This paragraph contains CSS instructions for support of the operation.
a. Rations, POL, and water.
b. Ammunition control, ASP location, and resupply plan.
c. Maintenance: motors, ADA systems, and communications (contact teams).
d. Uniform and equipment.
e. Method of handling sick, wounded, and EPWs (supported unit coordination).
5. COMMAND AND SIGNAL
This paragraph contains instructions relative to command and to the operation of common communications equipment.
(1) Chain of command and locations.
(2) Locations of headquarters CPs and alternate CPs (battalion, battery, platoon, and supported unit headquarters).
(1) Supported unit frequency.
(2) Convoy frequency (if applicable).
(3) Challenge, password, signals, and codewords.
(4) Early warnings frequency; IFF code book number.
(5) Listening silence instructions.
(6) Artillery or FIST element frequency.
(7) Alternate frequencies.
(8) Antijamming procedures (if not addressed in SOP).
1. Prior to the briefing, orient personnel with maps (if time permits construct a sandtable). Provide personnel with strip maps and graphic overlays posted on maps.
2. Conduct a backbrief at the end of the OPORD to ensure personnel understand the order.
3. Establish rehearsal location and date-time group.
A fragmentary order (FRAGO) is an order which presents material extracted from a more detailed order or which changes a previous order. Like warning orders, FRAGOs are usually brief oral or written messages. A mission order is one form of fragmentary order which provides experienced leaders with the essentials of an order; that is, their mission or a change to a previously issued mission. FRAGOs may be oral, written, or graphic. In all instances, they are brief. See the FRAGO illustration.
Reference: OPORD 7
Map series V661, sheet 7061, edition 1, scale 1:50,000.
2d platoon GS to brigade eff 141400ZJan.
Tank battalion delaying advance of TF 1-6.
1st section LOC TS456835, PTL 6400 mils. 2d section LOC TS481814, PTL 1600 mils. 3d section LOC TS454783, PTL 3100 mils.
4. SERVICE SUPPORT
5. COMMAND AND SIGNAL
Platoon CP currently at TS454814.
An annex is an integral part of an order which deals with one aspect of an operation. Its purpose is to keep the basic text of an order short. Annexes allow the distribution of certain information to key players in the task force. Annexes include--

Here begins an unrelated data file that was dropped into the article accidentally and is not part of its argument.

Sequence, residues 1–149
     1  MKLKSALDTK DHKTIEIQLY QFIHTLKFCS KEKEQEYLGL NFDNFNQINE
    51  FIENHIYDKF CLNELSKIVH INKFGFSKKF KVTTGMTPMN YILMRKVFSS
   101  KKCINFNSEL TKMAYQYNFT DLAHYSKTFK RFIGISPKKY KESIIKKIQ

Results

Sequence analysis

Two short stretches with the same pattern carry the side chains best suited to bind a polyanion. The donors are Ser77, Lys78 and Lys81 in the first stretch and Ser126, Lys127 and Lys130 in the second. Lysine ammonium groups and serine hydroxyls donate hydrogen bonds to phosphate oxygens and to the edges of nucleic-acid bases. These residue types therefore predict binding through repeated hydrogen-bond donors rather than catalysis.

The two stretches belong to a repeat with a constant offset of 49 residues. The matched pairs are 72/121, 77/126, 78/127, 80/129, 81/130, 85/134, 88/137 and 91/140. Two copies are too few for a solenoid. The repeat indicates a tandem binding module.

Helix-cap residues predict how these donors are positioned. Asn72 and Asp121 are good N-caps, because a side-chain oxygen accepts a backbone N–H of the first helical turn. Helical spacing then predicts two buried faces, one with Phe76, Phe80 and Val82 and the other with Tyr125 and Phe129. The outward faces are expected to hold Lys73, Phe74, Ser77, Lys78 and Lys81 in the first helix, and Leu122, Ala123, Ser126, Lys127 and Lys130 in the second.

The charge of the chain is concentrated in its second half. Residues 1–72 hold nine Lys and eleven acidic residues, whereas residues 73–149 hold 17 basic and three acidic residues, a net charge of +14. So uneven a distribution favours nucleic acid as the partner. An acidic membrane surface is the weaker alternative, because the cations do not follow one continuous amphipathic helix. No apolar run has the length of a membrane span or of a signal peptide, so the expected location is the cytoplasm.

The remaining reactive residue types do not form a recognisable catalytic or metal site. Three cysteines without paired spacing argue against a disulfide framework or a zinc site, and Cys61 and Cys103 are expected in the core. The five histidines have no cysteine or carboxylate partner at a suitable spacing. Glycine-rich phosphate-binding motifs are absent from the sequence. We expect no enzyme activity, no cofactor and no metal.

- Details that amplify the basic order (operations overlay and intelligence instructions).
- Combat support instructions (ADA, fire support, and engineer).
- CSS instructions (service support overlay and traffic circulation and control instructions).
- Any other information or directions required to amplify the order.
Many times, the platoon leader supporting a specific unit will be required to write the AD annex to the supported unit's OPORD. Annexes can be attached to the order or distributed separately. Unless there is good reason to the contrary, each copy of an order is issued complete with all annexes. See the Sample ADA Annex Format illustration.
ANNEX_(AIR DEFENSE) TO OPERATION ORDER NO_
References: maps, charts, and other relevant documents. Time zone used throughout the order.
Items of information affecting air defense support not included in paragraph 1 of the operation order or which need to be expanded.
a. Enemy Forces.
(1) Reference to intelligence annex, if applicable.
(2) Enemy air capabilities.
b. Friendly Forces.
(1) Outline higher headquarters plan.
(2) Outline higher and adjacent unit AD plans.
(3) Note additional AD resources supporting the unit.
c. Attachments and Detachments. Air defense resources attached and detached to include effective times.
A clear, concise statement of the air defense mission.
a. Commander's Intent.
b. Concept of Operation. A brief statement of the air operation to be carried out, to include air defense priorities.
c. Tasks to subordinate ADA units.
d. Coordinating instructions.
(1) Instructions applicable for two or more subordinate units.
(2) Reference to supporting appendixes not referenced elsewhere in the annex.
(3) WCS, ROE, and ADW.
4. SERVICE SUPPORT
5. COMMAND AND SIGNAL
Last name of commander
This sample of an execution matrix is only a guide to aid the platoon leader in his planning process. An execution matrix may also be used as an ADA annex. This sample matrix simply takes the place of paragraph three in this text, except for coordinating instructions. There is no specified format for this matrix; however, the following steps may be used to construct one.
Step 2. List the stages or phases of the operation down the left side of the matrix. When planning, you may elect to leave blank rows for "Be Prepared" and "On Order" missions.
Step 3. Fill in the blocks with brief descriptions of the actions required for each stage or phase as they apply to the element on the top of the matrix. Use abbreviations where possible, and you may have to make a legend to assist in abbreviating. If a unit's task is the same from one stage or phase to the next, list it only the first time, do not recopy it. If additional instructions are required, such as PTL azimuth, sector of search degrees, directed movement techniques, position in a formation, or air avenue of approach orientations, draw a diagonal line through the box. List the actions required in the upper left-hand portion. List the additional instructions in the lower right-hand portion of the divided box. See the Execution Matrices illustration.